4. The vehicle interface layer serves as the interface to the robot’s drive-by-wire system. It contains all interfaces to the vehicle’s brakes, throttle, and

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Fig. 1.6. UKF state estimation when GPS becomes unavailable. The area covered bythe robot is approximately 100 by 100 meter. The large ellipses illlustrate the positionuncertainty after losing GPS. (a) Without integrating the wheel motion the result ishighly erroneous. (b) The wheel motion clearly improves the result.

steering wheel. It also features the interface to the vehicle’s server, a circuitthat regulates the physical power to many of the system components.

5. The user interface layer comprises the remote E-stop and a touch-screenmodule for starting up the software.

6. The global services layer provides a number of basic services for all softwaremodules. Naming and communication services are provided through CMU’sInter-ProcessCommunication (IPC) toolkit [Simmons and Apfelbaum, 1998].A centralized parameter server maintains a database of all vehicle parame-ters and updates them in a consistent manner. The physical power of indi-vidual system components is regulated by the power server. Another modulemonitors the health of all systems components and restarts individual systemcomponents when necessary. Clock synchronization is achieved through a timeserver. Finally, a data logging server dumps sensor, control, and diagnosticdata to disk for replay and analysis.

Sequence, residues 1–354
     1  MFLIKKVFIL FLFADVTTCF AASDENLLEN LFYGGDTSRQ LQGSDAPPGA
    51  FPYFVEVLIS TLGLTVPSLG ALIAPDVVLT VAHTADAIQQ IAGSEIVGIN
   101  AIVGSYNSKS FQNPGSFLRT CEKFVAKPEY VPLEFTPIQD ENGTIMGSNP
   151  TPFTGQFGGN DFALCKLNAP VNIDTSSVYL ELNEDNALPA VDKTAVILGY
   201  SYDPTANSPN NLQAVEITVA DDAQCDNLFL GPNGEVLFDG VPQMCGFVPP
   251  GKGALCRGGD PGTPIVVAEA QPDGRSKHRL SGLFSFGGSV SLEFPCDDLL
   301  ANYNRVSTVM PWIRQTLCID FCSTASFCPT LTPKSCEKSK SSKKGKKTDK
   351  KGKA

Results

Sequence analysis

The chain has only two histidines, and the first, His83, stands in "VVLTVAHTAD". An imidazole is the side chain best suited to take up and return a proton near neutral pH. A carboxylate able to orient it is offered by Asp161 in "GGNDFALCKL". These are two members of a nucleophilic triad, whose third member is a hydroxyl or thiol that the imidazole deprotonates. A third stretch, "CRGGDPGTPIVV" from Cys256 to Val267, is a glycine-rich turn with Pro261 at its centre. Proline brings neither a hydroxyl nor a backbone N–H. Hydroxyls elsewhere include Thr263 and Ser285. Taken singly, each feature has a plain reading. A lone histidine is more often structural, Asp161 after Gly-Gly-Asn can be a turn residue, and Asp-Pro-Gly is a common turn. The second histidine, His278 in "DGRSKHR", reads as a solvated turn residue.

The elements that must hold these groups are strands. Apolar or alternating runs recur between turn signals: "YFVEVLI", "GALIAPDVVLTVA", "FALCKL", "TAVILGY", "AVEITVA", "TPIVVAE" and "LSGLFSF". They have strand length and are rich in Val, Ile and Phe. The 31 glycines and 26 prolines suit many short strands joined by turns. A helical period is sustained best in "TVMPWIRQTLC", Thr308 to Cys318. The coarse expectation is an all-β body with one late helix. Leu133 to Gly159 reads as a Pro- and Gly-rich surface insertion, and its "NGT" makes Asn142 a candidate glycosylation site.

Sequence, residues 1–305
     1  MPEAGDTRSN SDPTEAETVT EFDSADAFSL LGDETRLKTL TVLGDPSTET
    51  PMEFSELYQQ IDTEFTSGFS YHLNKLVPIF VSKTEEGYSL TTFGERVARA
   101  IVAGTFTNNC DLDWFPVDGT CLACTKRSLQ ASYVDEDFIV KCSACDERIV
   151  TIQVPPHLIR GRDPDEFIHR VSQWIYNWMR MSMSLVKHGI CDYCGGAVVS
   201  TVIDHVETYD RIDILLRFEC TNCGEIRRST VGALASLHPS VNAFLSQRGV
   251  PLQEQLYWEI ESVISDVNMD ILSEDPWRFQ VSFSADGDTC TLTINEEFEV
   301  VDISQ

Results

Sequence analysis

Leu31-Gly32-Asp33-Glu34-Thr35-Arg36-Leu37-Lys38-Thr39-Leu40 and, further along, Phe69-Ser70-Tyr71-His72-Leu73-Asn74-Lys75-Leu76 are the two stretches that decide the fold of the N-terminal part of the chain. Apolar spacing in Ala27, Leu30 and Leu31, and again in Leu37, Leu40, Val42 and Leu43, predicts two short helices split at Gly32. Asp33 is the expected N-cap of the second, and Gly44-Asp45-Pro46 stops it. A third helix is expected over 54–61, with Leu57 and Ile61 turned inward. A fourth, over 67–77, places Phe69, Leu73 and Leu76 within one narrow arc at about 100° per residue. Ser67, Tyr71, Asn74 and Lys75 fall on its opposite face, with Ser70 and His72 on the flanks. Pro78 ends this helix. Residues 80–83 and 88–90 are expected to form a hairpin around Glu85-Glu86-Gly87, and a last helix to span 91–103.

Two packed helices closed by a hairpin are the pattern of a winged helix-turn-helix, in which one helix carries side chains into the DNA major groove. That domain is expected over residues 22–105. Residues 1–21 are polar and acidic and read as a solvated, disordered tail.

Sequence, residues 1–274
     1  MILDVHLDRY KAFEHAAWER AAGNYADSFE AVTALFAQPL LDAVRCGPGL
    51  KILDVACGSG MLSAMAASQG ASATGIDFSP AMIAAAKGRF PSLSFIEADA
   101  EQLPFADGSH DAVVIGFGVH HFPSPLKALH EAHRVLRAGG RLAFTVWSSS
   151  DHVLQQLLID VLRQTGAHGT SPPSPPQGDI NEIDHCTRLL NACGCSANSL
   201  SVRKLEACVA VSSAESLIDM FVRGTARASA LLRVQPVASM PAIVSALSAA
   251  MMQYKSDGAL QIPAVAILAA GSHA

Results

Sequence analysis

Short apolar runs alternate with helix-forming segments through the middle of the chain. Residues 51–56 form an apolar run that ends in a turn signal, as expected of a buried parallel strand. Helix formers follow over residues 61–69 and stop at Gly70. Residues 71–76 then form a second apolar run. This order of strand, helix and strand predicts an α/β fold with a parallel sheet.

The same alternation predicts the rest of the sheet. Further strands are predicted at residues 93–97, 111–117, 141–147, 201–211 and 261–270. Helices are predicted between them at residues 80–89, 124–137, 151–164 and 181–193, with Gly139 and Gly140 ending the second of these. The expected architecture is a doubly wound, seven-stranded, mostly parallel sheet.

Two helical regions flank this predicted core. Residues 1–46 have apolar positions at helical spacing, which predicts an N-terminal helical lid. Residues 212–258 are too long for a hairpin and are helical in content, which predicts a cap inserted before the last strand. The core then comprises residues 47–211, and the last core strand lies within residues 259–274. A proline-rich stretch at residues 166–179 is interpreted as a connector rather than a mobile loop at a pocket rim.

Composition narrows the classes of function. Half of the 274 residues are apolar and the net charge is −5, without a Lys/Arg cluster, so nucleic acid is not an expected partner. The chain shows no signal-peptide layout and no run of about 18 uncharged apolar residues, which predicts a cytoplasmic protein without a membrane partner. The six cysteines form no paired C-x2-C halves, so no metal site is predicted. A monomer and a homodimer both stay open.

The following sections will describe Stanley’s core software processes in greaterdetail. The paper will then conclude with a description of Stanley’s performancein the Grand Challenge.

1.4 Vehicle State Estimation

Estimating vehicle state is a key prerequisite for precision driving. Inaccurate poseestimation can cause the vehicle to drive outside the corridor, or build terrain mapsthat do not reflect the state of the robot’s environment, leading to poor driving de-cisions. In Stanley, the vehicle state comprises a total of 15 variables. The designof this parameter space follows standard methodology [Farrell and Barth, 1999,van der Merwe and Wan, 2004]:

# values state variable3 position (longitude, latitude, altitude)3 velocity3 orientation (Euler angles: roll, pitch, yaw)3 accelerometer biases3 gyro biases

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An unscented Kalman filter (UKF) [Julier and Uhlmann, 1997] estimates thesequantities at an update rate of 100Hz. The UKF incorporates observations fromthe GPS, the GPS compass, the IMU, and the wheel encoders. The GPS systemprovides both absolute position and velocity measurements, which are both in-corporated into the UKF. From a mathematical point of view, the sigma pointlinearization in the UKF often yields a lower estimation error than the lineariza-tion based on Taylor expansion in the EKF [van der Merwe, 2004]. To many, theUKF is also preferable from an implementation standpoint because it does notrequire the explicit calculation of any Jacobians; although those can be usefulfor further analysis.

While GPS is available, the UKF uses only a “weak” model. This modelcorresponds to a moving mass that can move in any direction. Hence, in normaloperating mode the UKF places no constraint on the direction of the velocityvector relative to the vehicle’s orientation. Such a model is clearly inaccurate, butthe vehicle-ground interactions in slippery desert terrain are generally difficultto model. The moving mass model allows for any slipping or skidding that mayoccur during off-road driving.